Touched, Tokyo

Tokyo ’13 Photo-Diary, Day 1 (Part 2):

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pink knit scarf: brandless street shop (S. Korea) red parka: brandless street shop (S. Korea) emerald cashmere sweater: Uniqlo (S. Korea) white fluffed sweater: brandless street shop (S. Korea) hot pink pants: Uniqlo (S. Korea) black combat boots: brandless street shop (S. Korea)
pink knit scarf: brandless street shop (S. Korea)
red parka: brandless street shop (S. Korea)
emerald cashmere sweater: Uniqlo (S. Korea)
white fluffed sweater: brandless street shop (S. Korea)
hot pink pants: Uniqlo (S. Korea)
black combat boots: brandless street shop (S. Korea)

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今回の日本旅行は本当に感動的だった..!  ♥ ♥ ♥

With my awkward Japanese, I don’t have trouble getting around Japan. Not because my language level is high but because the Japanese are, in my experience, so sincerely helpful and warm-hearted in aiding a foreigner. They are people who take the time and effort to pull out their smart phone to look up routes or walk you right to your destination with a smile, one man even leaving his roast sweet potato cart to take us to our ryokan.. What a welcome, grateful change from Seoulites.

I love that Tokyo’s weather seems to lag a month or two behind Seoul’s. Though icy-breath cold farewelled us in South Korea, Japan greeted us with chilly but sunny, crisp autumnal weather. Flowers were still abloom and people not completely huddled up in layers of clothes.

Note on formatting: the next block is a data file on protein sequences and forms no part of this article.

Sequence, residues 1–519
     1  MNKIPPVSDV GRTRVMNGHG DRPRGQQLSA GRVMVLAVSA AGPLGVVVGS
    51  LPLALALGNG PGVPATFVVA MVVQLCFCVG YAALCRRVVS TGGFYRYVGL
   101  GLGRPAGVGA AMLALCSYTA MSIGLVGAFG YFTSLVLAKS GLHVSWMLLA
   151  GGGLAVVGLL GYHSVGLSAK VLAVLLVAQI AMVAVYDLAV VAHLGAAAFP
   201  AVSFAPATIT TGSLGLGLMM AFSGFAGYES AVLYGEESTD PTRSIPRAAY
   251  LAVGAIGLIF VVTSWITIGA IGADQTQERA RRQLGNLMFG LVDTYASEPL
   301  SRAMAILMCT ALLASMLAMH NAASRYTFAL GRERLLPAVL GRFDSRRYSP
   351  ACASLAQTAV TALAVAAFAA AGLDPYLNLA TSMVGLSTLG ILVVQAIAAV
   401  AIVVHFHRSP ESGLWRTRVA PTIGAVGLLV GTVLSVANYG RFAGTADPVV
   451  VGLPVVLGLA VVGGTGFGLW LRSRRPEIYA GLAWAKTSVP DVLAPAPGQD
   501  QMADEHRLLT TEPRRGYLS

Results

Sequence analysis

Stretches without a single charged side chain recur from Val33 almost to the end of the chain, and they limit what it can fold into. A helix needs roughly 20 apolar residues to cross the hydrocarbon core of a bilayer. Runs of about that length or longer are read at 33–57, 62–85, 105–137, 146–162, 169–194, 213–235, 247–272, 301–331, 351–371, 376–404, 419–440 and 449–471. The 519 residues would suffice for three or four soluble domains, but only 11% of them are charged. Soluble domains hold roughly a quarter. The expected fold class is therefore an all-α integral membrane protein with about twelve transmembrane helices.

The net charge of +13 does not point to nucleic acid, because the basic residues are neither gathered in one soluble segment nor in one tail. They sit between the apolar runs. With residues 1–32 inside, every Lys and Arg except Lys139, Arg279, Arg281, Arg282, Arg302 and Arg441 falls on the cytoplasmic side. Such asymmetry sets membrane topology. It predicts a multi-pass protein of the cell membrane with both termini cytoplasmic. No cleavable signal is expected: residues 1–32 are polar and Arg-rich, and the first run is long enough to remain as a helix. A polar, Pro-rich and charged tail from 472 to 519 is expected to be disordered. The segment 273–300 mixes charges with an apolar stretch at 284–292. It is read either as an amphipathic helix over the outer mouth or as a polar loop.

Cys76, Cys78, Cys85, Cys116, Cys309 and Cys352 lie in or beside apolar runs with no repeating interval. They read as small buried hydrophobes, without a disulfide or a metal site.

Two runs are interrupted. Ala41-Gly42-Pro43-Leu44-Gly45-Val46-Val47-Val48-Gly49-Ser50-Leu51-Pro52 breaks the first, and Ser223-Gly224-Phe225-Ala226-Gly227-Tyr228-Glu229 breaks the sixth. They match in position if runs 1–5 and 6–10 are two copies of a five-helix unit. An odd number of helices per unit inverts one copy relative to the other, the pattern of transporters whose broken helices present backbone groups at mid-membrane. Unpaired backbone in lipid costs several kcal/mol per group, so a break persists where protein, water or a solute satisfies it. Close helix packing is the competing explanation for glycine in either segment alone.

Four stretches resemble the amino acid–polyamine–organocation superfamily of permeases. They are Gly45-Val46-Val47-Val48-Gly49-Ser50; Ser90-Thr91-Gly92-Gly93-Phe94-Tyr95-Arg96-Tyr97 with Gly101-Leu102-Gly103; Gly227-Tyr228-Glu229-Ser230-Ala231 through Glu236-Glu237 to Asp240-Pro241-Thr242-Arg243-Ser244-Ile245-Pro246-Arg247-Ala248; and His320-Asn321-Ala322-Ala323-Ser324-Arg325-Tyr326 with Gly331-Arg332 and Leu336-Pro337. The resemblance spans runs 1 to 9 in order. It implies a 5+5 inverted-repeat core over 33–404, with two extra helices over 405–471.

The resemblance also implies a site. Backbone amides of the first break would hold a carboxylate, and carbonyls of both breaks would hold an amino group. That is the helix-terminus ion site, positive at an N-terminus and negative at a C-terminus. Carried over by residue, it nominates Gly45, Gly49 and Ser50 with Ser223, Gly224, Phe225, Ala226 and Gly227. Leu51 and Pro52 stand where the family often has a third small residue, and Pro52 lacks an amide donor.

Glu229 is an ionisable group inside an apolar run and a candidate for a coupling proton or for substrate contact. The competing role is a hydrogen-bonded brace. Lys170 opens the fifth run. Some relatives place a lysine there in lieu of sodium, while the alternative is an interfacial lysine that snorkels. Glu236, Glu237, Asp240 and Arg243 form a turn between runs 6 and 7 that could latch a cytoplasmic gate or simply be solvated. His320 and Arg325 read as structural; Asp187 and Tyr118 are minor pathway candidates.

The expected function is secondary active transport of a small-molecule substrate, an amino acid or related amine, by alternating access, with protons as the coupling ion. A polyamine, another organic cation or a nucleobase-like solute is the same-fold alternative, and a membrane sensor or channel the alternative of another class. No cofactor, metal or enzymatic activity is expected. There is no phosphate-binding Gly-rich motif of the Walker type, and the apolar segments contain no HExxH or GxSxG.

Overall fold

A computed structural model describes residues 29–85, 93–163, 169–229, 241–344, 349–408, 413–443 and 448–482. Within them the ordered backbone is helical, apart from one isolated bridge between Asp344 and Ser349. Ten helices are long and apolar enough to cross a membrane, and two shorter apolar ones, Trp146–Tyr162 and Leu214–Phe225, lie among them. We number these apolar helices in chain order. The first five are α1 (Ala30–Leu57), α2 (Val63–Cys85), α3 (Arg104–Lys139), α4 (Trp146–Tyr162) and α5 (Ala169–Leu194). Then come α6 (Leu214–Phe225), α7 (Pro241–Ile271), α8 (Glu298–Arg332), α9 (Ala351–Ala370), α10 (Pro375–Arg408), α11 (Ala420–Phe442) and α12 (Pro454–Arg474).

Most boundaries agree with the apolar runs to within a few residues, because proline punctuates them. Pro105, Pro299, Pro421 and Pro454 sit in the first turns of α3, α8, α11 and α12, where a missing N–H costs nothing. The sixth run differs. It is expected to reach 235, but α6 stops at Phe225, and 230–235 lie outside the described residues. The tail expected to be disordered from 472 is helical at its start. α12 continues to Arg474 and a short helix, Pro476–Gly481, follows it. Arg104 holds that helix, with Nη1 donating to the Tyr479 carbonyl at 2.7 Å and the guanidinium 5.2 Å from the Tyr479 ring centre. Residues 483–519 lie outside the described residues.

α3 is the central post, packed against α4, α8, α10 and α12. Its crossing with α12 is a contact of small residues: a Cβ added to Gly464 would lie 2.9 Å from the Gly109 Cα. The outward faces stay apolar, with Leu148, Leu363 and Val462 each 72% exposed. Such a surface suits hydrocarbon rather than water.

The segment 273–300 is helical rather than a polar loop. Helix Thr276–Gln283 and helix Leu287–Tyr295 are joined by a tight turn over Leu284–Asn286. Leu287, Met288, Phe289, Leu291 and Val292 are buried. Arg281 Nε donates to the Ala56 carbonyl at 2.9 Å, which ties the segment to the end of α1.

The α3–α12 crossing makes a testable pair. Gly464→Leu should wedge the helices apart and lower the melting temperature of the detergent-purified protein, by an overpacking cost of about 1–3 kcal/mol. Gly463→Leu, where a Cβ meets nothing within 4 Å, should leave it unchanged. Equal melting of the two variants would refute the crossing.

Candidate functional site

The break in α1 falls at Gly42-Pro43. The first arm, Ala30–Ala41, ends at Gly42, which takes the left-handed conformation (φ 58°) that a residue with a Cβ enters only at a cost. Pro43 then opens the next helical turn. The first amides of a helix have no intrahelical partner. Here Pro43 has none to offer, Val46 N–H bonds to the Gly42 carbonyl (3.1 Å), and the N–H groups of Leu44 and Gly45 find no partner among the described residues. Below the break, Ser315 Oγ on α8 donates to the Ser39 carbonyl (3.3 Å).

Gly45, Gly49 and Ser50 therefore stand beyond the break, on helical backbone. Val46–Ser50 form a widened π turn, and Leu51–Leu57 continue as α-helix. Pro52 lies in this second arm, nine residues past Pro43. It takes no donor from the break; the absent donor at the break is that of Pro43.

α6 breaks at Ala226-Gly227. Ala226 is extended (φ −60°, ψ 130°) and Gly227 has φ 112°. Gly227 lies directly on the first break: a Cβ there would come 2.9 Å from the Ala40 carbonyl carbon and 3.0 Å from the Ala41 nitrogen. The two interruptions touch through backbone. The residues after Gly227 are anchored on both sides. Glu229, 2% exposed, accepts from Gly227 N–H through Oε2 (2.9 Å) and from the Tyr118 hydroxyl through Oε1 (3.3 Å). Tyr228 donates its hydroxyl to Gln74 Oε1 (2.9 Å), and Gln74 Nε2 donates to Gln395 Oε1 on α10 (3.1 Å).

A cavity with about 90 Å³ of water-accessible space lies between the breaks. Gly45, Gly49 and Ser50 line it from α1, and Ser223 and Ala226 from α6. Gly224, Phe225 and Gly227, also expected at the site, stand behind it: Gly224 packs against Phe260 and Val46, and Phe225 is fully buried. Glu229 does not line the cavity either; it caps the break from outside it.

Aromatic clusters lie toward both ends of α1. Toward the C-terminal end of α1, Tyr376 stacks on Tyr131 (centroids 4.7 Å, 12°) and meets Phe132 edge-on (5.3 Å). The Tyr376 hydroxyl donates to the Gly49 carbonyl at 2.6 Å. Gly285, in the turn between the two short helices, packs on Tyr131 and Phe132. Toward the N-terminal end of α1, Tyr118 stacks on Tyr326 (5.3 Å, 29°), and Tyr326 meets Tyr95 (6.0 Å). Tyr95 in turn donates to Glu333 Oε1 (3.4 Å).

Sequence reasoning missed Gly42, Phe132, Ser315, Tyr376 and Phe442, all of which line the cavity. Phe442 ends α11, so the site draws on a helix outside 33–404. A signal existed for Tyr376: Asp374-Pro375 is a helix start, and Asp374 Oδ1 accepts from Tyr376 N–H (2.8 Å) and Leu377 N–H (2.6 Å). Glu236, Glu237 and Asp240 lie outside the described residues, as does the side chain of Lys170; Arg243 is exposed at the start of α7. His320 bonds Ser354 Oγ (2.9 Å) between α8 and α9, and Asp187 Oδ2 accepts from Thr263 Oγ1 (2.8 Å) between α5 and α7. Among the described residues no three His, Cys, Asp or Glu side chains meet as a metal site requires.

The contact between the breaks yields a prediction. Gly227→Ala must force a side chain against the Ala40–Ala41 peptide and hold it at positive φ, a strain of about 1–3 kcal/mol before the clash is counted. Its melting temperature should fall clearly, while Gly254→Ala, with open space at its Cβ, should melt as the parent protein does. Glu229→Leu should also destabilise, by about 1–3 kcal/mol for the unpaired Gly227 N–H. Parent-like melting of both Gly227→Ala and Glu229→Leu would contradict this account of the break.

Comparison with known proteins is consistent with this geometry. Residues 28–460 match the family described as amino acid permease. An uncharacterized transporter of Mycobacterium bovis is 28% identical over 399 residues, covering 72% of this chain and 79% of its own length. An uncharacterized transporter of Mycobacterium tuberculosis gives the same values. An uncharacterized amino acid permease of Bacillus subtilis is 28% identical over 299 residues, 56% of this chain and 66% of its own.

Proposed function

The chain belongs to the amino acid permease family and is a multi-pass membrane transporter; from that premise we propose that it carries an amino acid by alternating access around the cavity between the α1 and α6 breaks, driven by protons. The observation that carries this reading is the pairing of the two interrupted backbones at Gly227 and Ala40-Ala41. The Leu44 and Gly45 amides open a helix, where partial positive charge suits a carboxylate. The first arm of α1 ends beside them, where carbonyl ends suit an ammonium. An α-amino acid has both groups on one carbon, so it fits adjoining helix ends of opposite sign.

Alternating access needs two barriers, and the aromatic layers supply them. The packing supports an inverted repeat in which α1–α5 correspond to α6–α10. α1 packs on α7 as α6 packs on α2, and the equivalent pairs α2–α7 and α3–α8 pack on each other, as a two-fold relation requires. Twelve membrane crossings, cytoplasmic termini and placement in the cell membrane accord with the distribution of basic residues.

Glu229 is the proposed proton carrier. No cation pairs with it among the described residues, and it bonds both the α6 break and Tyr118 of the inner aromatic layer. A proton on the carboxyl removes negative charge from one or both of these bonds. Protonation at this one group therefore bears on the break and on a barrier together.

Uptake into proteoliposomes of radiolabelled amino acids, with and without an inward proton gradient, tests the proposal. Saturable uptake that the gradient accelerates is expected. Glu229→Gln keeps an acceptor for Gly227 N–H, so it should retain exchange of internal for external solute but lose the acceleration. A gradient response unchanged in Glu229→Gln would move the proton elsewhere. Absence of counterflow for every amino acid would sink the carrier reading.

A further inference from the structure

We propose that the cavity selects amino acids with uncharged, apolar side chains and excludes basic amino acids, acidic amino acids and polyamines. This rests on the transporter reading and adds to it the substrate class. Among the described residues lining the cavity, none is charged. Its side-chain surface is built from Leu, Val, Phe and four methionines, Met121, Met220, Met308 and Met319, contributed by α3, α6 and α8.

Once dropping off our light luggage and souvenirs for Japanese friends, my mother and I went out to explore the local area – Shinjuku. Familiar streets, new stores (I have to say Japanese malls are really next-level creations), we shopped for some food and ate out at Seiryu Izakaya. It was the first place we saw bustling with people, mainly casual-business dressed men, and we immediately went in expecting a relaxed, loudish atmosphere and tasty, cheapish food – we were correct and glad we came! It’s actually a chain of izakayas, so try out one of their branches when you’re there.

One place I wanted to visit again was the ex-infamous, curious Golden Gai. I first (luckily, somehow) stumbled across it in 2009 with my best friend and the alcohol already in our blood probably enhanced the impression, but it was something of a strange and wonderful ramshackle bar-land. Each cramped room (one on the ground and one on the upper floor) was a tiny, uniquely themed bar/izakaya, and in each, we were able to meet and befriend people as diverse as the bars themselves. The crooked and narrow pathways outside varied dim to bright under the peculiar shop lights; the outdated and weather-worn exteriors only a guise that rewarded those who ventured in with its true character. I feel lucky to have many warm memories of this place..

Which is why I felt surprised and upset when I found it to be so deserted – lacking not just people but the special warmth it exuded in my memory. The walkways felt creepy, empty bars with closed doors, 3 cats and fewer people about.. I thought the place would have gained more popularity over the years, which in a way would have disappointed me, but this was worse. It seemed like an aged shadow of its past self.. Hopefully it was just because it was a weeknight..

Back at the ryokan, a hot bath and tea then some more drinks and snacks later, my mother and I tucked in for the night.

More soon : )

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